The address in 1941 is not, alas, going to be much of a help. The main use of an address is to help find a name on the electoral register but there were no registers made between 1939 and 1945 because of the war.
My strategy would be this:
Get the marriage certificate. This should give you a slightly better idea of his age and confirm his father's name and occupation. There is also the possibility that one or more of the witnesses will provide added clues.
The father's occupation may turn out to be distinctive enough to find him in the 1911 census. If you are lucky, he will already be married and the census will then show for how many years. You should be able to identify one or more possible marriages.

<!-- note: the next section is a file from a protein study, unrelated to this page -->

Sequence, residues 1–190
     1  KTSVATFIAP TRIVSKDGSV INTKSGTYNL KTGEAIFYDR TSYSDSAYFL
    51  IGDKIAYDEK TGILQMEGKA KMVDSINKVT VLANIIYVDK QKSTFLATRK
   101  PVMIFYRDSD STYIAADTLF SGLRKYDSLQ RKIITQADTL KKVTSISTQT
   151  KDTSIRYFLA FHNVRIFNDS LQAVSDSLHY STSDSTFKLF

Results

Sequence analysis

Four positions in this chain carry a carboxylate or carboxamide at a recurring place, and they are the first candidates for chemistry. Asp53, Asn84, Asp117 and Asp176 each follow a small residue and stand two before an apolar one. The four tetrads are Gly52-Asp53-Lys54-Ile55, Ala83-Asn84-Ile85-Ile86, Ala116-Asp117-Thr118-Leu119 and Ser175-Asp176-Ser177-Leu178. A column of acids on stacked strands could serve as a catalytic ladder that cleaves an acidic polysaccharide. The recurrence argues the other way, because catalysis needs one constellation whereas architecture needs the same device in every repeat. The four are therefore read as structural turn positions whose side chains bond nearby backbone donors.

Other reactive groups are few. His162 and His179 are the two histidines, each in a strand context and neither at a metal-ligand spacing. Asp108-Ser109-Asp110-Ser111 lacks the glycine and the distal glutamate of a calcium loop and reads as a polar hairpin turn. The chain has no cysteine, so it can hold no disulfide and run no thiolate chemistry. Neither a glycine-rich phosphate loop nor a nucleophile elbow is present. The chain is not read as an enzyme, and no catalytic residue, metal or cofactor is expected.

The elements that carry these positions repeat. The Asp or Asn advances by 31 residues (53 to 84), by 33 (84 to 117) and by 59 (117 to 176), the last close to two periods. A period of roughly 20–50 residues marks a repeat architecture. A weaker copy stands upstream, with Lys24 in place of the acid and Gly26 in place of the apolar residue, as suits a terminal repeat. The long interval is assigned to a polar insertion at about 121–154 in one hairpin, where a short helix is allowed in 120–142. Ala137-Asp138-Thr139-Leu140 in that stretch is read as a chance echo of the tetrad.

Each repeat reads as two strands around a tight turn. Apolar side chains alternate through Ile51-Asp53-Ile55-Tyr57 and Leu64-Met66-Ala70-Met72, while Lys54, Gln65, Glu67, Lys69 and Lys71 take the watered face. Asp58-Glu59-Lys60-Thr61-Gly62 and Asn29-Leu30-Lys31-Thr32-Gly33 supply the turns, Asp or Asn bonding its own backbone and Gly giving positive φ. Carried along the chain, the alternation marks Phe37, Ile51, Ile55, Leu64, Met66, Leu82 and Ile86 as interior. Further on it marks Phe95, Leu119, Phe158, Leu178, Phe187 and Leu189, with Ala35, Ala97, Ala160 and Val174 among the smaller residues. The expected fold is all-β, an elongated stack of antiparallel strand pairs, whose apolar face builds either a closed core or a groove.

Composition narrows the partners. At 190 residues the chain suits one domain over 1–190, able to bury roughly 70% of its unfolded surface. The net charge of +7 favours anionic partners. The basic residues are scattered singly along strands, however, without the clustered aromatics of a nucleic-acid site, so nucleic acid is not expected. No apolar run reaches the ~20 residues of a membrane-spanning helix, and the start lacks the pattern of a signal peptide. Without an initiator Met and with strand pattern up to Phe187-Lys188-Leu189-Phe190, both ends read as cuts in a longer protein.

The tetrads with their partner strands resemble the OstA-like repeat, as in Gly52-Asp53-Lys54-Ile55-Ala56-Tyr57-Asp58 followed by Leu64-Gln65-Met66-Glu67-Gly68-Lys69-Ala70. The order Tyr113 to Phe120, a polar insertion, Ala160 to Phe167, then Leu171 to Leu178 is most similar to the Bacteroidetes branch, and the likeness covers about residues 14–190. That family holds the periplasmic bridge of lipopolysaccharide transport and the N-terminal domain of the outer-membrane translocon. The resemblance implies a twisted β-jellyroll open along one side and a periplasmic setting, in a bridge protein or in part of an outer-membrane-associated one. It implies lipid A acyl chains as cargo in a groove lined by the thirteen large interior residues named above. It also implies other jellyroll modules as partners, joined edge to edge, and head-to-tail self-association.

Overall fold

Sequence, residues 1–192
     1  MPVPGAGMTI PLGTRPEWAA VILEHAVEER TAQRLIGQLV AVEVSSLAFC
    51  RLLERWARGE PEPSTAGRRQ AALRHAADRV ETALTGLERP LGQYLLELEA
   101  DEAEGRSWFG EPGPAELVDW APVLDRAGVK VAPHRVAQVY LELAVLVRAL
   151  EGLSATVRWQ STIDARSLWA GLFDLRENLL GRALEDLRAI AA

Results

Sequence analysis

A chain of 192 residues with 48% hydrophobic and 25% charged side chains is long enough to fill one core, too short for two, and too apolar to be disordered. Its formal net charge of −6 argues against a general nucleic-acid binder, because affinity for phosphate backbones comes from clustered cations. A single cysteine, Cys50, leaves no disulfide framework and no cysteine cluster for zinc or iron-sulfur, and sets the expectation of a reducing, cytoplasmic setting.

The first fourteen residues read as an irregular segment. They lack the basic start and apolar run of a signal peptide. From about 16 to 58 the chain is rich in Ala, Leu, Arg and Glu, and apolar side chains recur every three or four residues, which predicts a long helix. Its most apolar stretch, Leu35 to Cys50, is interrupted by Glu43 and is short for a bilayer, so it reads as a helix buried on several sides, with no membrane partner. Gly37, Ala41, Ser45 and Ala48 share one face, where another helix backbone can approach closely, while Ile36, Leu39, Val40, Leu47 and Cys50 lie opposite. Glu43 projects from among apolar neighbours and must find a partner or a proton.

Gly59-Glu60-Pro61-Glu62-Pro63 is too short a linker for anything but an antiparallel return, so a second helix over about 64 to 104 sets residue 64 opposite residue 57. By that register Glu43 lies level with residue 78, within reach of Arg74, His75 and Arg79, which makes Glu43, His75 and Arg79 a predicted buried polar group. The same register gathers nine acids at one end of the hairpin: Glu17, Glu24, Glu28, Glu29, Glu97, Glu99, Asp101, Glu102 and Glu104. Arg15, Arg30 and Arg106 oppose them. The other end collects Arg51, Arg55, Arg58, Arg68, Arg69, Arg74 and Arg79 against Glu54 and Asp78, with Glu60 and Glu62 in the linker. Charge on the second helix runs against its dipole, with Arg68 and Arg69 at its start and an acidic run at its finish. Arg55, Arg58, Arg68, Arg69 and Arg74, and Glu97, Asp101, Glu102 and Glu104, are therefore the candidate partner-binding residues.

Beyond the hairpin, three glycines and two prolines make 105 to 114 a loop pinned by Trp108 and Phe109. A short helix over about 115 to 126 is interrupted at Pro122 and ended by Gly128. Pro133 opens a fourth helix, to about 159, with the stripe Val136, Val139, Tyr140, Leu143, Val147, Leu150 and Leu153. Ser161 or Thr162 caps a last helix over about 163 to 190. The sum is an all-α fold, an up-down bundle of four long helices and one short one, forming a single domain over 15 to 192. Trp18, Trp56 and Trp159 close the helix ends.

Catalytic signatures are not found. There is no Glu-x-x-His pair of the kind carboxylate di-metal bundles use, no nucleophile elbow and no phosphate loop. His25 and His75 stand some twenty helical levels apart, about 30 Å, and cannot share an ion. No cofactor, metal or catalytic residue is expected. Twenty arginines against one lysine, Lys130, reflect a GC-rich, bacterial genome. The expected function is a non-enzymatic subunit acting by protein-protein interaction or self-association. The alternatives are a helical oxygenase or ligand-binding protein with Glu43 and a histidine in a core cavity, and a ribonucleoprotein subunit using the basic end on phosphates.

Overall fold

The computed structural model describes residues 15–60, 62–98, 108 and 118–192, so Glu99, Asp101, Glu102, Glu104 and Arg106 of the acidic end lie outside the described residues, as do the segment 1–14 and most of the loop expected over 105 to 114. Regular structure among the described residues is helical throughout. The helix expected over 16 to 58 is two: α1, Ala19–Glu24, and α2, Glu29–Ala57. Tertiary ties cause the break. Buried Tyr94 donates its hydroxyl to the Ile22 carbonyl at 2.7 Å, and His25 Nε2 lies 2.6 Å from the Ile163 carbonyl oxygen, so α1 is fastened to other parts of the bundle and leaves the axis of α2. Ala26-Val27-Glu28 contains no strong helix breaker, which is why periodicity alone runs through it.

Once you have some possible maiden names, you can cross check these with the possible registrations of your grandfather's birth.
I hope the above makes sense and is helpful. It is understandable that you want to avoid "unnecessary" expense, but you need to be aware that family history is not, never has been and never will be a cheap hobby. Cutting corners by bypassing certificates is a false economy as your tree will then be a matter of guesswork rather than research.